[0076] hi addition, differential methyktion status of the cfDN A in urine adds additional significance for kidne injury and markers correlated with methyla ion stains ca be measured and added to the assa described above for detecting kidney injury. Thus, in some embodiments, the additional markers comprise one or more BN meihy!aiion markers, hi one particular embodiment, the DMA methylation marker is 5-emthy.lcytosine that is incorporated into the nucleic acid in the sample. {'0077} DMA methylation markets can be detected and quantified using an ELISA-based approach, .Commercial kits that are used to measure the DMA methylation. markers are readil available, .for example, the MethylFlash Urine S-Methylcytosirse (5-mC) Quantification Kit from EpiGeittek thai is used to measure die amount of 5-raemylcytosine incorporated in the DNA, Briefly, a plate that has methylated DNA is incubated, with the sample and an andbody that recognize the methylation marker. This solution is allowed to incubate and is then washed arid further detected with a detection antibody and/or substrate.

[0078] In some embodiments, the additional markers comprise total protein in die biofhnd sample. Th amount of total protein can be measured using any methods known in the art that can be used to measure the protein, in one embodiment, the assay to measure total protein is a colorimetric assay , e.g., the Bradford protein assay. f0079f In some embodiments, the additional markers comprise cl sterin. Clusterin is a protein that is associated with the clearance of cellular debris and apoptosis. The presence of clusterin can also be detected and measured using a ELISA-based assay, such as the Human Clusterin DuoSet ELISA. Like othe sandwich ELISAs, a plate with capture antibod against Clusterin. bound to it is incubated with urine samples, optionally diluted in sample diluent. A detection antibody also against Clusterin is then incubated with the plate,- and an HRP-detection system is used to measure absorbance. g. Optional reagents and devices .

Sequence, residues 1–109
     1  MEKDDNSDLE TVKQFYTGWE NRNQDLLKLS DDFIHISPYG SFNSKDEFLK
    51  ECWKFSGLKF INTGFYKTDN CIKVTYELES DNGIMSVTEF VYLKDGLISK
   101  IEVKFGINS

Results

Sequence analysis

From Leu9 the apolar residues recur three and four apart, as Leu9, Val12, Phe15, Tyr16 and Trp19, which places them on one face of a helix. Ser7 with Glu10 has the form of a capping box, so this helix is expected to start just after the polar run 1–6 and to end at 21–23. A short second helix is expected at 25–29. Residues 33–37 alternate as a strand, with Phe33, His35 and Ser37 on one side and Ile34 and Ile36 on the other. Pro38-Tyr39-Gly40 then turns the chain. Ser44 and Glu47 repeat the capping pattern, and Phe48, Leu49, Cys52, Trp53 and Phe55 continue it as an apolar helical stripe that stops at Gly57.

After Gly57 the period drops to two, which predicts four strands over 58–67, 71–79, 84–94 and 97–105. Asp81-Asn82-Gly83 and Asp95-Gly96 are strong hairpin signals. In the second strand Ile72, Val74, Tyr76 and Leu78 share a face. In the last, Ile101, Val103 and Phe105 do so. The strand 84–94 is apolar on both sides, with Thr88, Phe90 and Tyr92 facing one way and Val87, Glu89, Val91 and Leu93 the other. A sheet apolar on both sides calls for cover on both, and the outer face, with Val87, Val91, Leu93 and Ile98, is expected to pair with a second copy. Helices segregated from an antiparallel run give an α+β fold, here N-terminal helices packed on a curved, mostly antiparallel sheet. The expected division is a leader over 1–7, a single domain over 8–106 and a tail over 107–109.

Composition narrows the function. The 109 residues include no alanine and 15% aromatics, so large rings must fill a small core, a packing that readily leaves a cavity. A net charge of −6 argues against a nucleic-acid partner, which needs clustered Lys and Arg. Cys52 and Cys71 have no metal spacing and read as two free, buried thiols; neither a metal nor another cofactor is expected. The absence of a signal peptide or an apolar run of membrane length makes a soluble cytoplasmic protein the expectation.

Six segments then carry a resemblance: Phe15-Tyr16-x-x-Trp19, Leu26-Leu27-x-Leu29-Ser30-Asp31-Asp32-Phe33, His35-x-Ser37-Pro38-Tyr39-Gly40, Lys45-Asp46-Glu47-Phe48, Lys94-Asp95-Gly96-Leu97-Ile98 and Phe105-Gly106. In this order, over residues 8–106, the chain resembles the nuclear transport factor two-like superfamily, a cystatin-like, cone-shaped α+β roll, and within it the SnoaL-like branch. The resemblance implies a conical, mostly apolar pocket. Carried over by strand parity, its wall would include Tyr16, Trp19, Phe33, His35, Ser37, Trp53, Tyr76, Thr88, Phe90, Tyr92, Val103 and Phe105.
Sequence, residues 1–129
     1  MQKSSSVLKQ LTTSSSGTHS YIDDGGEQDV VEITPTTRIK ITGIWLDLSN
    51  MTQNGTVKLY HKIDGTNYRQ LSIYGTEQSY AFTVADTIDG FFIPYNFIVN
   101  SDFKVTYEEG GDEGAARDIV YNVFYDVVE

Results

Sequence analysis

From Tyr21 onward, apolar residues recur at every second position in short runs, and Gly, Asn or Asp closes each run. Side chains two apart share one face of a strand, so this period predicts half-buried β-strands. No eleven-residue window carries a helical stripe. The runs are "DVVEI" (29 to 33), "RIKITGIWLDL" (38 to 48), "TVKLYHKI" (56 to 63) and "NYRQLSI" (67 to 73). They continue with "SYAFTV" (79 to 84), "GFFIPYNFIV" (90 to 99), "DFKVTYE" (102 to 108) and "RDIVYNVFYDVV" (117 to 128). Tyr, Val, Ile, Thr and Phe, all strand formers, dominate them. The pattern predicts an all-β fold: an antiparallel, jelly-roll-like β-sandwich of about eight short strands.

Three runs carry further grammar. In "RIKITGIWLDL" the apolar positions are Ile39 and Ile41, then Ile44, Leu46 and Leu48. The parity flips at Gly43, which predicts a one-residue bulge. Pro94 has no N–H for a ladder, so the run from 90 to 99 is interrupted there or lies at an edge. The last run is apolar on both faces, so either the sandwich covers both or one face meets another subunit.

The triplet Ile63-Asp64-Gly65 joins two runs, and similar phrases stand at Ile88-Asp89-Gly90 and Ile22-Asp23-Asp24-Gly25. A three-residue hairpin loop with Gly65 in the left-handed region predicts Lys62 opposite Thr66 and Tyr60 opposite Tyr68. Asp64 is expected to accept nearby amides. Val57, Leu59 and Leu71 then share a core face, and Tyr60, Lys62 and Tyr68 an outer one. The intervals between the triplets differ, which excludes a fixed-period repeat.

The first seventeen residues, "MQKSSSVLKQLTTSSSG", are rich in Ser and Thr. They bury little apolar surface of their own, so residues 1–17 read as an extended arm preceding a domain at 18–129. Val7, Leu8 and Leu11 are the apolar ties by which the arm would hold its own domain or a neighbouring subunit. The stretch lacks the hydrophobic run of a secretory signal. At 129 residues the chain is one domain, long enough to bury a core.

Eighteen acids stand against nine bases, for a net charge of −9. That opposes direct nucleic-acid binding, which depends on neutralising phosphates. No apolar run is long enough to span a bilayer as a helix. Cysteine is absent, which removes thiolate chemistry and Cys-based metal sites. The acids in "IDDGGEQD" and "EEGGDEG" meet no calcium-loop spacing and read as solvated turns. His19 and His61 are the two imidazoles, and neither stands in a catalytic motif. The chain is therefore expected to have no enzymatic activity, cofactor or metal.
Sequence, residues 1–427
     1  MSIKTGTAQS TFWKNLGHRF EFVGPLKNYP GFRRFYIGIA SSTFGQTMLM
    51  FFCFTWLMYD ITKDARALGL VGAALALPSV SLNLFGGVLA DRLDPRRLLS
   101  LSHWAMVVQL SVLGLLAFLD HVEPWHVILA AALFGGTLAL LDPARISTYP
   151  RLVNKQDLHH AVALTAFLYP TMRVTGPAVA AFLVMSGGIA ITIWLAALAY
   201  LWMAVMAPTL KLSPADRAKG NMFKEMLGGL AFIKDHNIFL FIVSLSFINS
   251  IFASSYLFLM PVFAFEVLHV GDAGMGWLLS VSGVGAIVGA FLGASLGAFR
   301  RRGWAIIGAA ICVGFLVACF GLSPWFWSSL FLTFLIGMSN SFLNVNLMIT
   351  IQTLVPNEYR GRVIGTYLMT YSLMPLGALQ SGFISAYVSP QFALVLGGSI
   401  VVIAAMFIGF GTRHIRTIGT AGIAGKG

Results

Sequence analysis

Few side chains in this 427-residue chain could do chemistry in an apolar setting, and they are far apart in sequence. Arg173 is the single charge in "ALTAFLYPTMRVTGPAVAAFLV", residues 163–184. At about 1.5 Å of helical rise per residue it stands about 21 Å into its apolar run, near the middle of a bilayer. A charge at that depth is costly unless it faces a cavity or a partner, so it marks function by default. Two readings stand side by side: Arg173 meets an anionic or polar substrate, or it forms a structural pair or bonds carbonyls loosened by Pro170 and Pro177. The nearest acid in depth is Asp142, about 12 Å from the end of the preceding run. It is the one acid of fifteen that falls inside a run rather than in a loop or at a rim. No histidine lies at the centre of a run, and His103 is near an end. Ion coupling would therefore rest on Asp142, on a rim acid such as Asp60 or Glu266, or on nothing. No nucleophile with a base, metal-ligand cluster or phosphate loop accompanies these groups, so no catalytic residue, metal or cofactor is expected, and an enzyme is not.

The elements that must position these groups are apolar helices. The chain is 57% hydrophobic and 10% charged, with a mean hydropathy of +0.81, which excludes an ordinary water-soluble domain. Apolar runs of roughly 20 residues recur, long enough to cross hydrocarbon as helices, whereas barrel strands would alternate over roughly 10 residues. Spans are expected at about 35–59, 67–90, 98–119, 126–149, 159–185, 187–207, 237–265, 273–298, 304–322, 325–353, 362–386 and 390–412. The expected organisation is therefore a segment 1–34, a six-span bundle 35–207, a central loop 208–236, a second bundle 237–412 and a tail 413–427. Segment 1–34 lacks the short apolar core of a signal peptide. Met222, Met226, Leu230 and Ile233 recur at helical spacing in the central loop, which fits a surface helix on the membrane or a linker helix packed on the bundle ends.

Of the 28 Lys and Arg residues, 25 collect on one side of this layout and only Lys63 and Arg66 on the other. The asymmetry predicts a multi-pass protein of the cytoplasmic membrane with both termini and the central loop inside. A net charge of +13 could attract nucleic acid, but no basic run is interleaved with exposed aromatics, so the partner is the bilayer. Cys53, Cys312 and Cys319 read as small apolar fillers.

[0080] The methods may be used in a variety of assay devices and/or format. The assay devices may include, e.g., assay plates, cartridges, mahi-well assay plates, reaction vessels, test tubes, cuvettes, 'flow cells, assay chips, lateral Sow devices, etc., having assay reagents (which may include targeting agents or other binding reagents) added as the assay progresses or preloaded in the wells, chambers, or assay regions of the assay module, lliese devices may employ a variety of assay formats for specific binding assays, e.g., immunoassay or